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Published: August 29th 2013
Today would be the longest days drive we have had on the BBA V2,right across northern France, virtually one side to the other.Our apartment here had been OK from the point of view of facilities inside but we were a little disappointed with the location on the ground floor of three because we really didn't get any sun on the balcony because of the forest being so close and the tall trees.We have high hopes for our next apartment which is in a converted farmhouse in a very small village not far from Dunkirk.
We plan to take all day to cross the country,well that is from 9.30am until probably 5pm or thereabouts and we will opt for the shortest route which is just on 400km.The fastest according to the GPS would have taken us well into Belgium and added another 50 or 60km onto the trip although the arrival time would have been earlier.
Our path took us northwest towards the Belgium border under partly cloudy skies and it wasn't long before we started to notice a small change in the style of housing and then as we crossed one of those nondescript borders, the letter depicting the
country on the registration plates on the cars all became 'B'.The 'border' crossing here was in fact a street that ran down a slope and we must have passed over it part way down.We wonder who delivers the mail to the street,would it be the French or the Belgians.The language on the road signs is similar with some minor variations.
With Virton behind us we came across a series of villages with the word 'Thonne' in them,including one called Thonne-a-long.The Thonne we were to find out was a small river but what all the bits added to the place names related to we could not work out.
We were only in Belgium for about 20 minutes and the GPS map indicated that we had crossed back into France and sure enough the letters on the car number plates virtually all became 'F' again.
The shortest route in the past has taken us on some narrow country roads and today was no different although there was such little traffic that we were able to maintain a good speed and actually started to pick up time on the estimated arrival as the GPS factors in a fairly slow speed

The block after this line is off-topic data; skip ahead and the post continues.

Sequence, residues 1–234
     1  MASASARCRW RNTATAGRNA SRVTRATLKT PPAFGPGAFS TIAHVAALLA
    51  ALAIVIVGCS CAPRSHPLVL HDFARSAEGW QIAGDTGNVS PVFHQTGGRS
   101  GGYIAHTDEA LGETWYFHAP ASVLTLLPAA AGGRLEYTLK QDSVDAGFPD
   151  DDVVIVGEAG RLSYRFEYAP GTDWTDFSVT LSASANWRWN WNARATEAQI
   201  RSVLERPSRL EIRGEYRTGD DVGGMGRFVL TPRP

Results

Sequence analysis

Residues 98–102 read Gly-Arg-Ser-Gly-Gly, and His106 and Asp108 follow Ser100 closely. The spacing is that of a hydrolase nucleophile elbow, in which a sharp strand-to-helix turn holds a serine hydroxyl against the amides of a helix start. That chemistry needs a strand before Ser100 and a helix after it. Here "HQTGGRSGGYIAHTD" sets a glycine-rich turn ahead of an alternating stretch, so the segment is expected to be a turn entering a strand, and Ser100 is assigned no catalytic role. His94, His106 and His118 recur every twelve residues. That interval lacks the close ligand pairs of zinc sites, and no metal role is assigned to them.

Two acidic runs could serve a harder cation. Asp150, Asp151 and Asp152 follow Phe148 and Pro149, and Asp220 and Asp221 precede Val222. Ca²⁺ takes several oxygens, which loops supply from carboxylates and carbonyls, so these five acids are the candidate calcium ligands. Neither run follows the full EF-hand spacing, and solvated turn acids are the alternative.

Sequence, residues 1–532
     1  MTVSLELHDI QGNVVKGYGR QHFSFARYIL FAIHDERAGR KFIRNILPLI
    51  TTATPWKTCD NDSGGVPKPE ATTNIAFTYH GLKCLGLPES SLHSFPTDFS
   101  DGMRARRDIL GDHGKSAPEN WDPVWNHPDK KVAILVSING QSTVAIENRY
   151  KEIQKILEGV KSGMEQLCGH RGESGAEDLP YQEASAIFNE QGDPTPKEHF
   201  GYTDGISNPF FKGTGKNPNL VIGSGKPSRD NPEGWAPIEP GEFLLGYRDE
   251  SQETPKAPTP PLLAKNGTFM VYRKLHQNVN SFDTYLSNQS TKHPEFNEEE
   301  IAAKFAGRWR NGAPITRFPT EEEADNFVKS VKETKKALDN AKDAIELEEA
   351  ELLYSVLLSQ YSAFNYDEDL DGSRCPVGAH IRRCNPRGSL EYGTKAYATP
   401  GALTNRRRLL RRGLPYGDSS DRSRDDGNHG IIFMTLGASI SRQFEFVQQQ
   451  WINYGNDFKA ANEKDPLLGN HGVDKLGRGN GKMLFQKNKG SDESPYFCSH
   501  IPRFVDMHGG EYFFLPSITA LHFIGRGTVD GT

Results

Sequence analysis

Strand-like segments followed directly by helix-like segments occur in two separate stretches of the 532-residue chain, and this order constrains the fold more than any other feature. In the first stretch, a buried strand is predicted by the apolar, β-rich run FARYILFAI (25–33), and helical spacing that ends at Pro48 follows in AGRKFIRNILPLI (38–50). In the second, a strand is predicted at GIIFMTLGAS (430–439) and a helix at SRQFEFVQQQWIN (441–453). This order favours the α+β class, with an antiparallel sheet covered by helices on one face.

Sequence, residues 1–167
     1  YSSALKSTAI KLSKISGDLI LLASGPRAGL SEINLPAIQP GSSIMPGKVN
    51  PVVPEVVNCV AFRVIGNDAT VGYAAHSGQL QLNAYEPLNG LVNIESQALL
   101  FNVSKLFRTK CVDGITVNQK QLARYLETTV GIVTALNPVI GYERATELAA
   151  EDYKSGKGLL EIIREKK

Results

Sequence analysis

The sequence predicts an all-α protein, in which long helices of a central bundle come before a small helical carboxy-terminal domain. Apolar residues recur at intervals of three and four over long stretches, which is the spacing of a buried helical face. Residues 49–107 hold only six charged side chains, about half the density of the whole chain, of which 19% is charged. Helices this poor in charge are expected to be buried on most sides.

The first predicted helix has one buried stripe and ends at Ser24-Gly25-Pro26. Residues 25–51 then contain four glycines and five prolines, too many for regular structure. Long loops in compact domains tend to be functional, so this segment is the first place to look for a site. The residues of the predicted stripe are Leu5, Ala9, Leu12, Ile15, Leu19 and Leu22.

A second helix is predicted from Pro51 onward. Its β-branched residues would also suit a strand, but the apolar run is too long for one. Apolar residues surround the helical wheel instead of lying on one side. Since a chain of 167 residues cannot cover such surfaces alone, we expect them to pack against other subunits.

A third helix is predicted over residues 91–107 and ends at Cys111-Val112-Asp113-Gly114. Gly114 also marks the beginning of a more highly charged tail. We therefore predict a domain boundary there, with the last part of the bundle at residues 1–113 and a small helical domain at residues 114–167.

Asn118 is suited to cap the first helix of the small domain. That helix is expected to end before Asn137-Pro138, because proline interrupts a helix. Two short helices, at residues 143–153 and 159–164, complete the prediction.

for these narrow back country roads.
Near Sedan we passed a large industrial plant making a wide range of products for the construction industry.This is not the first time we have noticed how large industrial plants have been located away from large population bases which we guess spreads the economic base of the country around.
We also crossed the Muese River at Sedan and recalled that this river was the one we spent time around during our day in and near Verdun,the site of WW1 battles.Sedan had also featured prominently in WW2 being the place that the German invading army in 1940 outflanked the French defensive Maginot Line and crossed into France fighting and turning the Allied forces,including the British Expeditionery Force, towards the sea at far away Dunkirk.
When you travel long distances by road not only does the scenery change but also what happens in towns that you pass through and at Charleville-Mezieres,a rather conservative looking town,the place was abuzz with yourn people in their late teens and early twenties all heading to the Cabaret du Vert,a huge festival of arts including concerts of all music types,cinema etc.Poor old Vicky got very confused as road
diversions sent us this way and that as we progressed through the city which of course had been all part of the shortest route!
The roads we were now taking were heading us in a more north westerly direction.The farmers in the countryside were the busiest we have seen them,all baling hay in great quantities in preparation for the coming winter.
Looking ahead on the GPS screen it seemed like we might have to negotiate some of the outer suburbs of the large city of Lille as the journey on the shortest route between A & B continued but thankfully all we ended up doing was moving from one highway to another as we skirted the city.
Before we knew it we were back in the countryside again and the land ahead was dead flat except for the odd small hill located here and there.
On one of the hills was the very picturesque town of Cassel which had existed since the days of the Roman empire.We had a need to top up the cash we had with us to pay a security deposit to the owner of the apartment we were heading for and Cassel looked the last of the towns of any size before we arrived in Buysschure(which doesn't appear on our atlas map as it is so small)for an ATM to be located.Cassel was almost totally destroyed in a 3 day battle as the Allies used it to hold back the advancing German army in the days before the Dunkirk evacuation.It was rebuilt immediately after the war and it was quite amazing to see just how 'old 'the buildings that are there now look so authentic.
The time we had told the owners of the apartment we would arrive was getting near so rather than stop any longer and take a stroll around the town we decided to make a trip back here over the next 3 days.
It was just another 10 minutes onto Buysscheure and after passing under the dual Eurostar and TGV railway line we turned off the main road and headed into the village community of about 30 houses.
Romuald and his wife and family of four were waiting to greet us and show us around the apartment that had been created separate to the main part of the large farmhouse which he was still renovating.Our apartment was very spacious with kitchen,dining area,toilet,shower and two bedrooms,one of them being upstairs in what was originally a loft.
It had been a long day and a cold beer at the table in the large grassed backyard was most welcome.We have a busy 3 days ahead with trips planned out into the surrounding towns and countryside and unfortunately the weather for tomorrow,at least,looks like it may bring some rain.
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